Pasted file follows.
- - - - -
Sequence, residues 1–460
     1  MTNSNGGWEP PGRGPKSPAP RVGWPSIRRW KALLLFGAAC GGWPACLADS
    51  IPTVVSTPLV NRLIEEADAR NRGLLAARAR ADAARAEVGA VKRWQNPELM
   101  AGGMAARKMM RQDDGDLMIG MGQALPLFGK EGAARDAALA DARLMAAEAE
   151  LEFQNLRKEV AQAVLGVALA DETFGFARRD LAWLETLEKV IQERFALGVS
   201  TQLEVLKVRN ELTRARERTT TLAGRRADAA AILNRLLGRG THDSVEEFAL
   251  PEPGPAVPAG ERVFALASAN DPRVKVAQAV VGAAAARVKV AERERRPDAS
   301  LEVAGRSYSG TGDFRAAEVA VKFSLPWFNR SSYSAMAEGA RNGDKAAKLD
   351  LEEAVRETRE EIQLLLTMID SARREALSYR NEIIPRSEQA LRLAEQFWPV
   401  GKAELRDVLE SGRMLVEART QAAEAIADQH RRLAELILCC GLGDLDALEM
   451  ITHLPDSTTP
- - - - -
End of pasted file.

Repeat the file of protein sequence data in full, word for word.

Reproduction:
Sequence, residues 1–460
     1  MTNSNGGWEP PGRGPKSPAP RVGWPSIRRW KALLLFGAAC GGWPACLADS
    51  IPTVVSTPLV NRLIEEADAR NRGLLAARAR ADAARAEVGA VKRWQNPELM
   101  AGGMAARKMM RQDDGDLMIG MGQALPLFGK EGAARDAALA DARLMAAEAE
   151  LEFQNLRKEV AQAVLGVALA DETFGFARRD LAWLETLEKV IQERFALGVS
   201  TQLEVLKVRN ELTRARERTT TLAGRRADAA AILNRLLGRG THDSVEEFAL
   251  PEPGPAVPAG ERVFALASAN DPRVKVAQAV VGAAAARVKV AERERRPDAS
   301  LEVAGRSYSG TGDFRAAEVA VKFSLPWFNR SSYSAMAEGA RNGDKAAKLD
   351  LEEAVRETRE EIQLLLTMID SARREALSYR NEIIPRSEQA LRLAEQFWPV
   401  GKAELRDVLE SGRMLVEART QAAEAIADQH RRLAELILCC GLGDLDALEM
   451  ITHLPDSTTP